What are the different types of Payment Protection Insurance or PPI?
Published: 15 April 2009
By MoneyhighStreet Staff Leave a Comment
Updated: 9 May 2011
PPI or Payment Protection Insurance, is insurance that may be taken out alongside a loan, mortgage, credit card or store card.
As explained in our previous article on ‘What is PPI and What does it cover?‘, PPI is insurance that will cover your monthly credit repayments in the event that you cannot work as a result of
- being made redundant, through no fault of your own,
- having an accident or
- being sick
PPI is sometimes known as Accident, Sickness and Unemployment insurance, or ASU.
The amount paid depends on your insurance policy and will either cover the full monthly repayments or a percentage of them. The payments will be paid for an agreed period as defined in the policy, usually for a maximum of 12 or 24 months.
PPI payments are tax free to an agreed limit, often £1,500 or 50% of your gross monthly income.
There are different types of payment protection insurance
- Loan payment protection insurance
- Mortgage payment protection insurance, MPPI
- Income payment protection insurance
The first two, loan and mortgage protection insurance, as their names suggest are specific to the debt and designed to cover the repayments on this debt.
An income payment protection policy means you will receive an agreed level of income as defined in your policy and you can use this as you need to cover your bills each month.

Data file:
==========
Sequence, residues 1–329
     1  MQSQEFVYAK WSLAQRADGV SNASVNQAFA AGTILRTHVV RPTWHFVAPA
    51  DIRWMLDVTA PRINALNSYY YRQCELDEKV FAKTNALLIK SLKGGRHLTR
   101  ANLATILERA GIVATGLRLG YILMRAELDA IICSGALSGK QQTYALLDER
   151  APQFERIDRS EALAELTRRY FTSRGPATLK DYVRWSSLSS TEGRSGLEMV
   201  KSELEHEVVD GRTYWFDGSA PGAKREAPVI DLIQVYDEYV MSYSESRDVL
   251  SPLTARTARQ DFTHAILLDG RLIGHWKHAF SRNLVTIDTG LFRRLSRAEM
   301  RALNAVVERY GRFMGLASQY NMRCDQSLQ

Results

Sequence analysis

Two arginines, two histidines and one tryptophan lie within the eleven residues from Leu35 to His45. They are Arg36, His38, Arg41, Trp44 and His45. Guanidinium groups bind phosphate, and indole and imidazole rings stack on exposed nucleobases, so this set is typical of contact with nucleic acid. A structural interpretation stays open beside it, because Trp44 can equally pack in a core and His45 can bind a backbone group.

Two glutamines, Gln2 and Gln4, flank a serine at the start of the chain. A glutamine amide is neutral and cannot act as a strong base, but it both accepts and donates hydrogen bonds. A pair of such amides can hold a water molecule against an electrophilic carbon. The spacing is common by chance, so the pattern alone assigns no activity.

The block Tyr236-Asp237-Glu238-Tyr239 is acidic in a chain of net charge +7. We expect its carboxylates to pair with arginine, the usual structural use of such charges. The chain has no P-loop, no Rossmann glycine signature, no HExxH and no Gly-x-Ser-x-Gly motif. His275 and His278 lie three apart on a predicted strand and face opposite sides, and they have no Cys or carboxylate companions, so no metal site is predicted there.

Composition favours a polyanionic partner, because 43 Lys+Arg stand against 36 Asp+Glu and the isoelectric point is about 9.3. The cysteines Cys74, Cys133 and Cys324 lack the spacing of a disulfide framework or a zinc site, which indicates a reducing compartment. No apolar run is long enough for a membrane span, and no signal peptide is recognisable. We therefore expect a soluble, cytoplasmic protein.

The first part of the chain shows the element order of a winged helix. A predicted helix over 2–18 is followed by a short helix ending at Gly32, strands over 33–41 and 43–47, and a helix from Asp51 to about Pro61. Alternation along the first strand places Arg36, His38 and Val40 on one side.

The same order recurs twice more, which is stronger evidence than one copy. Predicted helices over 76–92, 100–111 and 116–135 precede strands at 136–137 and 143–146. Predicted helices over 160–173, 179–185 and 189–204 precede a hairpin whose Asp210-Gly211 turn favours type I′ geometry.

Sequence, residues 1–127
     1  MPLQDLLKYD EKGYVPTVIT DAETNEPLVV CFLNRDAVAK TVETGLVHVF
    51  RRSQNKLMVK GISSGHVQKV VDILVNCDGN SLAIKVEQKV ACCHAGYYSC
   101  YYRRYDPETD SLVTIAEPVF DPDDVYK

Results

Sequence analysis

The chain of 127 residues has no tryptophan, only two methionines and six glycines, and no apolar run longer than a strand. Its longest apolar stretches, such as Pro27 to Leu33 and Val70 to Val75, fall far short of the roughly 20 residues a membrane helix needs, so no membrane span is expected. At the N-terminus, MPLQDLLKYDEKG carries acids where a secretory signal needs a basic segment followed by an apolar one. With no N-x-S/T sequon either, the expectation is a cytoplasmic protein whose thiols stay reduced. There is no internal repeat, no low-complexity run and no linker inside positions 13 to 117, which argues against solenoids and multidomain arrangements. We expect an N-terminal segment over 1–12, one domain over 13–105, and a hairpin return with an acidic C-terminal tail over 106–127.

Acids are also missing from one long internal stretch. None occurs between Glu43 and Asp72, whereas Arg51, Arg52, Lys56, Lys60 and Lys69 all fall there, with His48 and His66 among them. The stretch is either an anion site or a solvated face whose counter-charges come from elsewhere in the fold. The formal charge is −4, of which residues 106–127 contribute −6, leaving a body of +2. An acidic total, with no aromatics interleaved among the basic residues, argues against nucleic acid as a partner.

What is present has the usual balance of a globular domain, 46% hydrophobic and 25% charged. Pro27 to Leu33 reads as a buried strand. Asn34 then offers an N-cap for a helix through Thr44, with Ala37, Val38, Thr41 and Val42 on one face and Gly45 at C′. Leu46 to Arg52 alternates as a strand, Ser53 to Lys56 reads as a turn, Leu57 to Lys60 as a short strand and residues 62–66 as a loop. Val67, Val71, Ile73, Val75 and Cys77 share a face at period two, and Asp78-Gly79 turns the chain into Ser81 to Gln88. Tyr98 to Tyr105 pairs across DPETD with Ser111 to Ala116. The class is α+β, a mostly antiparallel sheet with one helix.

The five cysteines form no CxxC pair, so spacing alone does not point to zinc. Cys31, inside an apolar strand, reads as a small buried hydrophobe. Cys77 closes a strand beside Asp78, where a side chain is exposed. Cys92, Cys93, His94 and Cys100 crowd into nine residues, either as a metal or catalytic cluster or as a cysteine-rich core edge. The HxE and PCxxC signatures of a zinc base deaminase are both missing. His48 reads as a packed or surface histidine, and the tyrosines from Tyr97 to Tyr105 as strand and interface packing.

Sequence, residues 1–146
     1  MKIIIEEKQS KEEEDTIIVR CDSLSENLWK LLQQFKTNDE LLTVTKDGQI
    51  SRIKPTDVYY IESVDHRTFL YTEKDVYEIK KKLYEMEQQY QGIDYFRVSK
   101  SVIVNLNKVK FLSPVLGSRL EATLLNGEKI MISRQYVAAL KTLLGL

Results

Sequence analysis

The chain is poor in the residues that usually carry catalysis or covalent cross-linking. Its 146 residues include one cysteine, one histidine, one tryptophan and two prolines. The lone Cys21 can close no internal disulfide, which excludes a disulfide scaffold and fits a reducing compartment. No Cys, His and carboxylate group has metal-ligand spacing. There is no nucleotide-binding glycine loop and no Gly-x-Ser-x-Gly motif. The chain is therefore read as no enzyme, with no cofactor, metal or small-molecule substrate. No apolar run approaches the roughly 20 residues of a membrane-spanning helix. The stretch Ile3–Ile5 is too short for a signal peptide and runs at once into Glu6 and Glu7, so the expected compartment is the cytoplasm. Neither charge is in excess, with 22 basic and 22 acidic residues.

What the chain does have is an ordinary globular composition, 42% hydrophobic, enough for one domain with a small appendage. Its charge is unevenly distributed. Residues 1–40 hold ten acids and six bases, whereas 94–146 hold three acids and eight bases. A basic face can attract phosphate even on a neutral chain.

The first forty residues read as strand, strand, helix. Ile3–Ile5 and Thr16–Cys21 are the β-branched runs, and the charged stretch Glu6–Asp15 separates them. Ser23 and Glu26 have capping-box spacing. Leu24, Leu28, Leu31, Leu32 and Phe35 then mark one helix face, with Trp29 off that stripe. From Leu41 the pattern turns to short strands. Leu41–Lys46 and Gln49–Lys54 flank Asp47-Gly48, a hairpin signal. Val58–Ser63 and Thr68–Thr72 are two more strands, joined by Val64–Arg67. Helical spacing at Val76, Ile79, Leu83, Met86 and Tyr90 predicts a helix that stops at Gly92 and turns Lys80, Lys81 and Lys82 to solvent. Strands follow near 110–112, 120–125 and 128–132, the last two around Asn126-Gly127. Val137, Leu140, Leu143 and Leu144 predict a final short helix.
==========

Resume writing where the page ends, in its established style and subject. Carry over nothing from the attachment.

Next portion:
There are different cover options available:
- Accident, sickness and unemployment cover
- Accident and sickness cover only
- Unemployment only cover
For most PPI policies you must work at least 16 hours per week.
If you are self employed or a family member controls the company that employees you, you can still get payment protection insurance but to make a claim you will need to provide additional supporting information.
Fundamentally you need to assess how you will cover your debts if you cannot work because you become sick or have an accident or indeed you are made redundant.
PPI is one way of covering your repayment commitments. It just might make the difference between keeping or losing you home.
Despite all the recent issues over the mis-selling of single premium payment protection insurance, it is still a vital insurance to consider.
When you take out a mortgage, other loan or credit agreement, the company providing you with the credit is likely to offer you payment protection insurance. You don’t have to take it from them though.
PPI does not have to be linked directly with the mortgage or loan, there are independent providers of PPI who often offer enhanced cover with cheaper monthly premiums.